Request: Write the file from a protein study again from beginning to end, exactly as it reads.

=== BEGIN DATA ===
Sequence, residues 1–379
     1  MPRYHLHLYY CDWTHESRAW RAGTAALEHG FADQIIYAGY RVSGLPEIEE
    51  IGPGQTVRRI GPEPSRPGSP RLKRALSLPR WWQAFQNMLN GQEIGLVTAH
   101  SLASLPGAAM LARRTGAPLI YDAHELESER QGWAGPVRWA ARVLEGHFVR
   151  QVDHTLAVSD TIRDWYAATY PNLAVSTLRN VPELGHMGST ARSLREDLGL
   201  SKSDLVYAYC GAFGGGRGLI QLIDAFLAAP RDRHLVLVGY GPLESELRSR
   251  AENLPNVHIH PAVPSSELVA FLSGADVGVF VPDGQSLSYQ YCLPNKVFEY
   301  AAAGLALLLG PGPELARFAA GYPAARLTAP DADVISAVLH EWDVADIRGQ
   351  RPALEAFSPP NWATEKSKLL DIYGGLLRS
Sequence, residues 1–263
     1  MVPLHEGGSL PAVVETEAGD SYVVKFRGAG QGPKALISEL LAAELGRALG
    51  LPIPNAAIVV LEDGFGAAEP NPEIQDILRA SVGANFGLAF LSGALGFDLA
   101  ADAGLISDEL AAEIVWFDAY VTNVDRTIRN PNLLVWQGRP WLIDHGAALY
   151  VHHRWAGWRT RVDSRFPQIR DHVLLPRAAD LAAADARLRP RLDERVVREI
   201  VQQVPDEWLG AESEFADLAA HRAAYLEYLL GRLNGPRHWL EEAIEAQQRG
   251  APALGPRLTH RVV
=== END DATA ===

Sequence, residues 1–379
     1  MPRYHLHLYY CDWTHESRAW RAGTAALEHG FADQIIYAGY RVSGLPEIEE
    51  IGPGQTVRRI GPEPSRPGSP RLKRALSLPR WWQAFQNMLN GQEIGLVTAH
   101  SLASLPGAAM LARRTGAPLI YDAHELESER QGWAGPVRWA ARVLEGHFVR
   151  QVDHTLAVSD TIRDWYAATY PNLAVSTLRN VPELGHMGST ARSLREDLGL
   201  SKSDLVYAYC GAFGGGRGLI QLIDAFLAAP RDRHLVLVGY GPLESELRSR
   251  AENLPNVHIH PAVPSSELVA FLSGADVGVF VPDGQSLSYQ YCLPNKVFEY
   301  AAAGLALLLG PGPELARFAA GYPAARLTAP DADVISAVLH EWDVADIRGQ
   351  RPALEAFSPP NWATEKSKLL DIYGGLLRS
Sequence, residues 1–263
     1  MVPLHEGGSL PAVVETEAGD SYVVKFRGAG QGPKALISEL LAAELGRALG
    51  LPIPNAAIVV LEDGFGAAEP NPEIQDILRA SVGANFGLAF LSGALGFDLA
   101  ADAGLISDEL AAEIVWFDAY VTNVDRTIRN PNLLVWQGRP WLIDHGAALY
   151  VHHRWAGWRT RVDSRFPQIR DHVLLPRAAD LAAADARLRP RLDERVVREI
   201  VQQVPDEWLG AESEFADLAA HRAAYLEYLL GRLNGPRHWL EEAIEAQQRG
   251  APALGPRLTH RVV